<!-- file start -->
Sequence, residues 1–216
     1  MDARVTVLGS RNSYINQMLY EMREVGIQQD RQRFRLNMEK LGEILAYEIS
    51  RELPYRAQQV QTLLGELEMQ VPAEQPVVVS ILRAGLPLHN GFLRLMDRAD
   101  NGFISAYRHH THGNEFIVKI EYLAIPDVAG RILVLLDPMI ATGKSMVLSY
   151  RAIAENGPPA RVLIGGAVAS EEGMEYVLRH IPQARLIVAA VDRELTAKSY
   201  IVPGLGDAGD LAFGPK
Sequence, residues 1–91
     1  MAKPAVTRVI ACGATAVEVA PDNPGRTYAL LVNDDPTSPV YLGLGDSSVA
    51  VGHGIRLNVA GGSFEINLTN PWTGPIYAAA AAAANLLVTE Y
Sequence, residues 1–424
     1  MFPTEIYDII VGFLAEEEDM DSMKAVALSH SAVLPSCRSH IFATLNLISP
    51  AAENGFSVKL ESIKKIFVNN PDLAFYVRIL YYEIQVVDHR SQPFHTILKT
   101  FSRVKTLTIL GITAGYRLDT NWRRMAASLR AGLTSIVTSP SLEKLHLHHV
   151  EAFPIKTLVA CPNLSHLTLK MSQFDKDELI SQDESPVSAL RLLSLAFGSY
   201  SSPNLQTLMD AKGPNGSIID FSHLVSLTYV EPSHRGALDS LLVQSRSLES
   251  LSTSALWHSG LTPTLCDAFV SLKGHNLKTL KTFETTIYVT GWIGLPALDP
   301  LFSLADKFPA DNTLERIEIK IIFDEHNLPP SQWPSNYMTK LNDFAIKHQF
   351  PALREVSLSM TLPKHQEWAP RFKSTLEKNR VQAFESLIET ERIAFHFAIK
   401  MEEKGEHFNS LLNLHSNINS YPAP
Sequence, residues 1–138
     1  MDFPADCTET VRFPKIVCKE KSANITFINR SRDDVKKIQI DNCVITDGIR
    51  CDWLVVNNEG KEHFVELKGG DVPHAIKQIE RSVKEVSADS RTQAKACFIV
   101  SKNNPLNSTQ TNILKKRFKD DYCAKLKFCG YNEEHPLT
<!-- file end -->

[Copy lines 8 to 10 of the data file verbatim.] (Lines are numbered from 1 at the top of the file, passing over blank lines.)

     1  MAKPAVTRVI ACGATAVEVA PDNPGRTYAL LVNDDPTSPV YLGLGDSSVA
    51  VGHGIRLNVA GGSFEINLTN PWTGPIYAAA AAAANLLVTE Y
Sequence, residues 1–424